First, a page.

The High Cost of Being Poor
In recent years, many Americans have faced financial challenges, some of which were a direct result of the 2008 recession. While the economic crisis impacted the employment statuses of people nationwide, for many others an ongoing financial struggle wasn’t anything new.
According to the U.S. Census Bureau 2015 report, 13.5% of the U.S. population is living in poverty. The U.S. Department of Health & Human Services 2017 poverty guidelines define the poverty line to be $12,060 annual income for a person living alone, and $16,240 annual income for a family/household of two. The Coalition on Human Needs notes that in two-thirds of poor families, at least one person is working, but the work isn’t always full-time or year-round.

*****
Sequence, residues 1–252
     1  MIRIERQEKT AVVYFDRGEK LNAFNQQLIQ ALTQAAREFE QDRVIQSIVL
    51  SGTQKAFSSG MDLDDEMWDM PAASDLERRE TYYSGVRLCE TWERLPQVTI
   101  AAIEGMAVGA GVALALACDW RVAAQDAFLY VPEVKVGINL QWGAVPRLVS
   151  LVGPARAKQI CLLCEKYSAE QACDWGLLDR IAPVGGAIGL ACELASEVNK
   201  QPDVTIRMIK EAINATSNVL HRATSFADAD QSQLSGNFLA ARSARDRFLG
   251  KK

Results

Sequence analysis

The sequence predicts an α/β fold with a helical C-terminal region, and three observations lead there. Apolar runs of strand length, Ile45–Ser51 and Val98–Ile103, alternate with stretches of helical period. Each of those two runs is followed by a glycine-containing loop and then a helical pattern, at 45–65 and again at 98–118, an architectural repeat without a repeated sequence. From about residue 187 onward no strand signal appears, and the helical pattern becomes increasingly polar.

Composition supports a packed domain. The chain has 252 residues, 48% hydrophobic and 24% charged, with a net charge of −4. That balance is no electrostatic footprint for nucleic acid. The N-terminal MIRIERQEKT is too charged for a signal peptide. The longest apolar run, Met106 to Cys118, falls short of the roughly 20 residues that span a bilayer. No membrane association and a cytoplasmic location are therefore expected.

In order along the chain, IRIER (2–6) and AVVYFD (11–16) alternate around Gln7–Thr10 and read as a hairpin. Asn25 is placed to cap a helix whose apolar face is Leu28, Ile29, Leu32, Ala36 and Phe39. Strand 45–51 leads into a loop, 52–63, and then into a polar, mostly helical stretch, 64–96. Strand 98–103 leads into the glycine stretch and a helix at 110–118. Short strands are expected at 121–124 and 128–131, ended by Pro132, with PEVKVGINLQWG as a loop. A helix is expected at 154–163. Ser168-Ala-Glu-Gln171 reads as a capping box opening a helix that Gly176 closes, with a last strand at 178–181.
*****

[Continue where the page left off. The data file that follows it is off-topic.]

It’s commonly known that the poor generally pay more for food, transportation, healthcare and – if they’re lucky, mortgages – than their middle-class counterparts.
Many think that the majority of poor people live in urban areas, but in fact, more and more of the poor are moving from cities to suburbs. A Brookings Institution report stated that from 2000 through 2013, low-income populations in suburbs surrounding the country’s largest metropolitan areas grew 66%, while the populations of poor people in urban areas grew by 30%.
Healthcare is an important factor in poverty. The Coalition on Human Needs states that medical costs are even more of a burden for the poor in states that did not take advantage of the Affordable Care Act option to use federal Medicaid dollars to expand health coverage to low-income adults. Health outcomes for people in poverty are also less favorable.